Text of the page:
Masterful and enigmatic pro surfer from Ormond Beach, Florida; four-time world champion (1994–97), and the omnipresent public face for female surfing in the mid-'90s. "She's the first woman to cross over into surfing celebrityhood," Outside magazine wrote about Andersen in 1996, "and achieve a dominance that made the pig dudes shut up and take notice."
Andersen was born (1969) in New York, raised in Maryland and Virginia, and began surfing at age 13, after moving with her family to Ormond Beach. Two years later, her father destroyed her surfboard while Andersen watched; at 16, with money saved from summer jobs, she bought a one-way plane ticket to Los Angeles and ran away from home, leaving a note saying that she was going to California to become the women's world surfing champion. Andersen later admitted she "didn't even know if there was such a thing as a surfing world championship."
Landing in Huntington Beach, Andersen worked part-time as a waitress, and slept where she could, sometimes on the beach. A year later, at age 17, she won the girls' division of the United States Surfing Championships, placed third in the World Surfing Championships, and turned professional, earning the world tour's rookie-of-the-year honors. Although Andersen was touted as a future world champion, her surfing talent was consistently undermined by a fragile self-confidence. She was ranked 10th in the world in 1988, seventh in 1989, fourth in 1990, seventh in 1991, and fourth in 1992.
While inspired by fellow Floridian Frieda Zamba (four-time world champion between 1984 and 1988), Andersen often said she wanted to "surf like a guy," and to a degree she did. She directed and focused her speed better than any woman before her, and was therefore able to put maximum power into her turns; she also maintained a balletic line through her head and body. "When you surf with Lisa," Hawaiian tuberiding ace Rochelle Ballard said, "it smooths out your own surfing. Her technique is so refined that it rubs off on everybody around her."
Andersen married Brazilian surfer and world pro tour head judge Renato Hickel in March 1993, and five months later gave birth to their daughter, Erica. Andersen competed while pregnant, missing just the final contest of the year, and finished the season ranked ninth. Motherhood, she later noted, turned her career around. Childbirth had been "the worst, most painful thing ever; everything's easy after having a baby." Andersen made a competition final just five weeks after giving birth; she then won three of eleven world tour events in 1994 to earn her first championship, and continued on a similar pace to win an additional three titles. A low point came in 1995, when she herniated a disk in her back near the end of the season and barely held off Australian Pauline Menczer to retain the championship. While a much steadier competitor than she had been, Andersen still lost routine matches to second-stringers and wildcards, and seemed to ride at full strength only against her biggest rivals.
Personally and professionally, 1996 was the busiest and most chaotic of Andersen's life. She left Hickel, saying she "just wasn't interested in him after Erica was born." Surfer put Andersen on the cover (the first female-surfer cover shot in 15 years), with a sly blurb directed at an overwhelmingly male readership: "Lisa Andersen Surfs Better Than You." She was meanwhile profiled in newspapers and general-interest magazines around the world. In Outside's "Gidget Kicks Ass" feature, Andersen was lauded for her surfing talent, good looks, and determination, but described as "oddly impenetrable [and] closed down, as if the personality of a 17-year-old linebacker had been grafted onto her feminine psyche."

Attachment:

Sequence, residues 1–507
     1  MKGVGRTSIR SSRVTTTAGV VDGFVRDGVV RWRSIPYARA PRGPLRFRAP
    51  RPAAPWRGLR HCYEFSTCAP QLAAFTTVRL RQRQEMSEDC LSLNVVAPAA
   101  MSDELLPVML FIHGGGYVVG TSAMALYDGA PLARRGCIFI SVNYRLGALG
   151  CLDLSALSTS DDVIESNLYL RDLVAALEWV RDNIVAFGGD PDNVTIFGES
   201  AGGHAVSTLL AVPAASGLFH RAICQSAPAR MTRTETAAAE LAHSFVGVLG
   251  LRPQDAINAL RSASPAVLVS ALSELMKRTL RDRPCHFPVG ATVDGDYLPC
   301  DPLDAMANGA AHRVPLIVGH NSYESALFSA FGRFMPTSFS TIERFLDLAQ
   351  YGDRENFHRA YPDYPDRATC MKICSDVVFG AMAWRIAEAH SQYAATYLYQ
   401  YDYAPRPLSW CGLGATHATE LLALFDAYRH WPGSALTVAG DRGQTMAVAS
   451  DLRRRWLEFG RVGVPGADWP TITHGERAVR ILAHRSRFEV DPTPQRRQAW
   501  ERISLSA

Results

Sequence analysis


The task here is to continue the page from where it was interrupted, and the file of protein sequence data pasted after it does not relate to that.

Three years into her contract with Roxy, a women's spinoff line from surfwear giant Quiksilver, Andersen helped design a new function-over-fashion women's boardshort (which immediately became fashionable), and was the star of a massive promotional campaign that nearly defined the decade's boom in women's surfing. The trim (5' 7", 125 pounds), blond, smiling Andersen was seen in full-page magazine ads, on posters, and in promo videos. As former world champion Pauline Menczer noted in 1996, in an understandably bitter tone, "Women's surfing right now is Lisa Andersen. The rest of us might as well not even be here." Anderson was even the subject of an Annie Leibovitz photo shoot in 1997.
The Andersen juggernaut came to a sudden halt in July 1998, when her back seized up, forcing her to miss the second half of the season; she was virtually unseen in 1999. In 2000, at age 30, she returned to competition and finished the year ranked fifth; in 2001 she skipped the tour and gave birth to a son; she was granted a wildcard seed into all world tour events for 2002, but failed to qualify for the 2003 tour. In 2005 Roxy named Anderson the company's global brand ambassador.
Andersen is a six-time winner of the Surfer Magazine Readers Poll Award (1992, 1994, 1996–99); in 1998 she was voted "Female Athlete of the Year" by Condé Nast's Sports for Women magazine; in 1999 she was the only female surfer, along with Kathy "Gidget" Kohner, to be listed in Surfer's "25 Most Influential Surfers of the Century" article; in 2000 she was ranked #76 in Sports Illustrated for Women's "Greatest Sportswomen of the Century."
Anderson was inducted into the Surfer's Hall of Fame at Huntington Beach in 2002. The Surf Industry Manufacturers Association named Anderson their Waterman of the Year in 2007. Fearlessness: The Story of Lisa Andersen, a biography written by Nick Carroll, was published in 2007. She's been featured in dozens of surf movies and videos, including Atlantic Crossing (1989), Surfers: The Movie (1990), Triple C (1996), Performers III (1999), and Tropical Madness (2001).